The usual disclaimers apply: not for navigation, etc.
This page has some information that was originally compiled as an aid for U.S. pilots who were flying to a convention in Canada. It is not meant to replace the AOPA/COPA Guide to Cross-Border Operations, an excellent resource on this subject. The reader is assumed to have some knowledge of correct border-crossing procedures; this page is directed more toward flight planning.
You will need charts. This map aligns Canadian sectional charts with provincial boundaries. Sectional depiction is similar to U.S. cartography. However, within areas that are covered by VTA (terminal) charts, there is no information but the name for each airport. When this tactic was tried in the U.S., it didn't last very long. So long as it is in effect in Canada, you will make heavy use of the Canada Flight Supplement in these areas. This book is similar to the US Chart Supplements, but one volume covers the whole country.
Don't expect to find charts for sale at FBOs. Canada has vastly fewer chart dealers than the U.S., and most of them are not at airports. So get your charts before you go. Here is a list of authorized chart distributors.
From southern Ontario to Nova Scotia, there is significant overlap between U.S. and Canadian charts. This drawing shows how the sectional coverage compares.
The Halifax sectional chart (US) covers all the Maritime Provinces except for the eastern end of Cape Breton Island. Sydney is the only Nova Scotia airport that is not on the Halifax sectional chart. There is some overlap in IFR charts, too. Although it doesn't go as far east as the sectionals, L-32 will get you to Moncton, Charlottetown, and Halifax.
In most of the U.S., you enter controlled (class E) airspace as you climb through 1200 AGL. In Canada, the default floor of controlled airspace is 2200 AGL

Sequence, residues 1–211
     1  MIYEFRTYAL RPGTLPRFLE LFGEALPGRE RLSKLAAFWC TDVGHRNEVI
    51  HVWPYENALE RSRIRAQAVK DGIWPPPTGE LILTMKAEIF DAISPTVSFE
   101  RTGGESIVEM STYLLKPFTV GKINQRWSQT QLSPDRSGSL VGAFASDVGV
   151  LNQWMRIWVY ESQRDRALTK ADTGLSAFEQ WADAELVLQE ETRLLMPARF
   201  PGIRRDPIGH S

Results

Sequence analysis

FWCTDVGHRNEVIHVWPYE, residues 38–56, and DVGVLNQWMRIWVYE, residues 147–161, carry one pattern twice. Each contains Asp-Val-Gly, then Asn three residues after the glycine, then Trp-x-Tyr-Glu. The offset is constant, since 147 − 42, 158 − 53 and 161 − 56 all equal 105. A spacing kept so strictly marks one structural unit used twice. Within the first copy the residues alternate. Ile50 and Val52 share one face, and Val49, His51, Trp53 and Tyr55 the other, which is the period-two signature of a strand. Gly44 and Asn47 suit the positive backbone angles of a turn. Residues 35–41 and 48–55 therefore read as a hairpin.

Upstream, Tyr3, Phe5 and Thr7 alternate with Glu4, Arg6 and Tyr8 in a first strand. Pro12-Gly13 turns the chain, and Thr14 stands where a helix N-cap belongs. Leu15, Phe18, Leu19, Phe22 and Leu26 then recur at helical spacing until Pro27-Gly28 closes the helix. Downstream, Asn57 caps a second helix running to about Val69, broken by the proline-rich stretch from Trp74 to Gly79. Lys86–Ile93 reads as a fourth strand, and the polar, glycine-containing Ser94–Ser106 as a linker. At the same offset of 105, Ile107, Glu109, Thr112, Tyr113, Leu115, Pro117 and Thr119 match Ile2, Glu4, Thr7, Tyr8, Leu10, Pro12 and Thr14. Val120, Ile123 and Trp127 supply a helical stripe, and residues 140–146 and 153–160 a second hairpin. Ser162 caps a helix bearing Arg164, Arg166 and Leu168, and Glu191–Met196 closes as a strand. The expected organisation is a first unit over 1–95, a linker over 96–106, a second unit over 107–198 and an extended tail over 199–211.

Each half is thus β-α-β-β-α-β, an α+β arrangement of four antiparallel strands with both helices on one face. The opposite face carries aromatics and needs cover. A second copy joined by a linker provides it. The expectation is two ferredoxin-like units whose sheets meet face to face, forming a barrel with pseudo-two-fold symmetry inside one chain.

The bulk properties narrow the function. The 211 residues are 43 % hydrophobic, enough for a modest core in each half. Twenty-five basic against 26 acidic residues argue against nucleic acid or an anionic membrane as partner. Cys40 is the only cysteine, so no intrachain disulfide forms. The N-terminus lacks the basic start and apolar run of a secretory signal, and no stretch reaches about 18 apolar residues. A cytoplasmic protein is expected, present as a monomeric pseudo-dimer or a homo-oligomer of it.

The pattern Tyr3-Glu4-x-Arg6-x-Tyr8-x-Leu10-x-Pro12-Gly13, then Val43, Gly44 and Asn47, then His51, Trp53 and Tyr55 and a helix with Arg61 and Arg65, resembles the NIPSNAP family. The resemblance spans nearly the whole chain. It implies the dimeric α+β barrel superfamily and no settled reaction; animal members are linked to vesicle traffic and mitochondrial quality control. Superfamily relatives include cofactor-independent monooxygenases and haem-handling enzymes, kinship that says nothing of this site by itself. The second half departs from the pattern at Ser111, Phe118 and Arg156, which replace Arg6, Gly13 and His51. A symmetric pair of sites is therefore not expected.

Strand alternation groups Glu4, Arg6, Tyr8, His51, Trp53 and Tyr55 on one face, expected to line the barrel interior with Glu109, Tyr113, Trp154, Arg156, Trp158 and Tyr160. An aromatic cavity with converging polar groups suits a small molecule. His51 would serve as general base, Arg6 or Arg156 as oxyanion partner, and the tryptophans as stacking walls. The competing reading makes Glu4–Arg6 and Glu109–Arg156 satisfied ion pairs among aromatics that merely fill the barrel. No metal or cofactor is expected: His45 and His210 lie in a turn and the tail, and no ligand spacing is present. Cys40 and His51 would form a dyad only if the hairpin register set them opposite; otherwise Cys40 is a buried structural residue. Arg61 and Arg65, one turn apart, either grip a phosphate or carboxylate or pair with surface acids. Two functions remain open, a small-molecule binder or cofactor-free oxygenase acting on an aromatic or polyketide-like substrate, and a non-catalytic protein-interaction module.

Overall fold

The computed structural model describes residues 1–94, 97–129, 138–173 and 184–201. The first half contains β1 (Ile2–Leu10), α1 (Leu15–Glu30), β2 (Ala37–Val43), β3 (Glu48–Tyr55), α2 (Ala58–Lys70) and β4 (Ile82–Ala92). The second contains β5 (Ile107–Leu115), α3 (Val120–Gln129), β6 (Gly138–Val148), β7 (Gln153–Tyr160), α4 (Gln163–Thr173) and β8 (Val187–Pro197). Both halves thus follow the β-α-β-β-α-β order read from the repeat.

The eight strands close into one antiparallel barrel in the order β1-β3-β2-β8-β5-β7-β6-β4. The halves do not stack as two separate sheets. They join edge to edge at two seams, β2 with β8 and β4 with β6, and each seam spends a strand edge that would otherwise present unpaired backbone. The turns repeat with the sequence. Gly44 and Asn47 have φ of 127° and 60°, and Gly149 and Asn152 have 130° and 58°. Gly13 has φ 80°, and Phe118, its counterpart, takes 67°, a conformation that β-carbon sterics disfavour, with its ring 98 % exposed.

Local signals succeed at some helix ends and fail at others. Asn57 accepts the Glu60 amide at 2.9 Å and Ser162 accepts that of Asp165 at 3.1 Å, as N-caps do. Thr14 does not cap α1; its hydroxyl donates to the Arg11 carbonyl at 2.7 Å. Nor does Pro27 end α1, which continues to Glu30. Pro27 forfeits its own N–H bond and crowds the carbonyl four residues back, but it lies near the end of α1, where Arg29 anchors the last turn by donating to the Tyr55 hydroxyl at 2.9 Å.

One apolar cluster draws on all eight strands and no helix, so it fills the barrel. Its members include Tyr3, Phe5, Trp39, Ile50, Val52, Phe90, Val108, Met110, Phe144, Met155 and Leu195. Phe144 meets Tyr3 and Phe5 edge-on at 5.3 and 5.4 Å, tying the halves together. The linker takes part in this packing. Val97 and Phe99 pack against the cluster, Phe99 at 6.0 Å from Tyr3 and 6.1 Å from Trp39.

Class C airspace requires a clearance to enter, like class B airspace in the U.S. Because large airports have class C TCAs in Canada, there is no operational difference from the States for pilots. Mode C is required in this airspace, and in many Class D terminal areas as well.
Airspace above 12,500 is class B, requiring ATC clearance.
Flight planning and weather links:
Nav Canada AWWS - all the stuff we get from DUATS
The Weather Network - better Canadian coverage than the Weather Channel
NOAA's ADDS has all METARs and TAFs (e.g., CYYC for Calgary).
Satellite shots, which also cover most of the US: IR west IR east visible west visible east
Nav Canada FSS phone numbers
866.541.4102 US and Canada
866.WXBRIEF Canada only
In Canada, flight plans are required for all but local flights, and they use the ICAO format. Here are some instructions for that form. Here is a completed sample form (PDF 259K).
In addition to the usual documents you must carry when flying in the U.S., Canada requires you to carry proof of insurance. If the airplane you are flying isn't registered to you, you should also carry a letter from the owner (here's a sample, PDF 280K) that authorizes you to operate the aircraft in Canada for the duration of your trip.
Canadian law does not require a radio license for either the pilot or the aircraft – for Canadians. Those who like to split hairs claim that this means U.S. pilots need a radio license in Canada because of their interpretation of ICAO rules. There are no known instances where a U.S. pilot has ever been asked to show Canadian authorities his radio credentials.
406-MHz ELTs are not required in Canada. There was a rule enacted, but the Minister of Transport refused to sign it, so it is moot.
Here are links for